Ronald Allison Kells Mason was a 20th century New Zealand poet who usually abbreviated his long name, for the purposes of identifying his work, to R A K Mason. Fellow poet, and also journalist, Allen Curnow gave Mason the accolade of:
He was born on the 10th January 1905 in Penrose, Auckland. His father, who made perfume, met an untimely death when he accidentally overdosed on opium when Ronald was just eight years old. From then on he was sent, along with an elder brother, to live with one of his aunts on the South Waikato settlement of Lichfield. The boys were initially home taught by their aunt but Ronald went on to Auckland Grammar School, studying there between 1917 and 1922. He was a very able student, excelling in Latin and English, and it was here that he began writing poetry.
Following his school days he secured a teaching post at a private school called the University Coaching College where he taught Latin, Economics and Civic studies. This lasted for six years and, during this period, he published his first collection of poems in 1924 which was called The Beggar. It was essentially a collection of poems mostly written during his school days, many with a morbid theme. Here is the title poem:
This collection did not enjoy any commercial success in New Zealand but an English poetry anthologist called Harold Monro got hold of a copy and included some of the pieces in two of his own published works: Chapbook in 1924 and Twentieth century poetry in 1929.
In the meantime Mason decided to enrol at Auckland University College, studying French and Latin. He eventually achieved a Bachelors’ degree but not until 1939. He managed to support himself by continuing to teach and having occasional pieces of work published in Auckland newspapers such as the Sun and the Star. He also published a number of short stories in Kiwi, the Phoenix and Tomorrow.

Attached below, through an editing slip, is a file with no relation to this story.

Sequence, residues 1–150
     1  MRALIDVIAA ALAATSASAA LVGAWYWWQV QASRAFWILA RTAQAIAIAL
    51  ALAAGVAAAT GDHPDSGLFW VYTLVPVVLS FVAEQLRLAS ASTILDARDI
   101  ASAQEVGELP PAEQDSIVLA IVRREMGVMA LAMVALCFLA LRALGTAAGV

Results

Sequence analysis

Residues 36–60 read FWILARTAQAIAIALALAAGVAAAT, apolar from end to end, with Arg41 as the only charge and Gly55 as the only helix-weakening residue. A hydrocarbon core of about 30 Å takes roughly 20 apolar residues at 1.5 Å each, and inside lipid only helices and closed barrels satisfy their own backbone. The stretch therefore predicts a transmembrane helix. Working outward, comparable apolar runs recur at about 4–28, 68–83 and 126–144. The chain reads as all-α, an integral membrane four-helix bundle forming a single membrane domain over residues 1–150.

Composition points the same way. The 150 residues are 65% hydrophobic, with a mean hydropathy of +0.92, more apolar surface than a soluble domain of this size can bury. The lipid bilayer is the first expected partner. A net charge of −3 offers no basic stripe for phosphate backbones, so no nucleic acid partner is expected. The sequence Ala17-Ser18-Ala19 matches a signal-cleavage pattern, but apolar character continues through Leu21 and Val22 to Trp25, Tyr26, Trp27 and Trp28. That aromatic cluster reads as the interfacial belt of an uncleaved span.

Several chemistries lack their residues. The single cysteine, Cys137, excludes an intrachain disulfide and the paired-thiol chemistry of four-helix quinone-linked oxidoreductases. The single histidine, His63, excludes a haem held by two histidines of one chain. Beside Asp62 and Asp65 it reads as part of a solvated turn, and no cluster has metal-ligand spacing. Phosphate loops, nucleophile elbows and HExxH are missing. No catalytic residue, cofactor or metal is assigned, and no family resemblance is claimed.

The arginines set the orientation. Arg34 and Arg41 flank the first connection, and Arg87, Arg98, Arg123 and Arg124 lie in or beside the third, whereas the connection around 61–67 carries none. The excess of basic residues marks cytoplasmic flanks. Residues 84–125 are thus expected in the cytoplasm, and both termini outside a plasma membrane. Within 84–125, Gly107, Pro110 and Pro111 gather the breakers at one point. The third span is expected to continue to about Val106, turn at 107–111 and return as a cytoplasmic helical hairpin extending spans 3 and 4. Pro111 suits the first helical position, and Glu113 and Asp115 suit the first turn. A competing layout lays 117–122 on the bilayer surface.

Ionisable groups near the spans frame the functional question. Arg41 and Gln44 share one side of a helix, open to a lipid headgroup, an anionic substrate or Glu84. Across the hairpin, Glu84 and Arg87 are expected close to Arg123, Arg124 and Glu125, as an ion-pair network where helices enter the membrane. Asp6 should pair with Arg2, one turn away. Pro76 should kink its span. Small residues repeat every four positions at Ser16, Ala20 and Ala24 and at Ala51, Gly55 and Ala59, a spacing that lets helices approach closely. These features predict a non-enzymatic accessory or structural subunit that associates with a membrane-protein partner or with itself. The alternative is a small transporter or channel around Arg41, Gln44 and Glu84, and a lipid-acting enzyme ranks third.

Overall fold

He travelled quite a bit during the thirties, although not venturing much beyond his home islands. He found himself becoming disillusioned by the practices of New Zealand nationalism when he witnessed the events of the Mau uprising in Samoa and the poor living conditions on the island of Tonga. He eventually published a pamphlet, in 1947, called Frontier forsaken: an outline history of the Cook Islands. It is believed that his interest in political issues had its roots in his student days in Auckland.
At least three more collections of poetry were published including No new thing (1934) and End of day in 1936. After these though he concentrated mostly on writing didactic plays for both theatre and radio and writing articles of a political nature for newspapers, extolling the virtues of Marxism. He is remembered as one of the best poets to come out of New Zealand with his work from The Beggar onwards marking the beginning of that country’s serious modern poetry output.
Ronald Allison Kells Mason died in Takapuna, Auckland on 13 July 1971 aged 66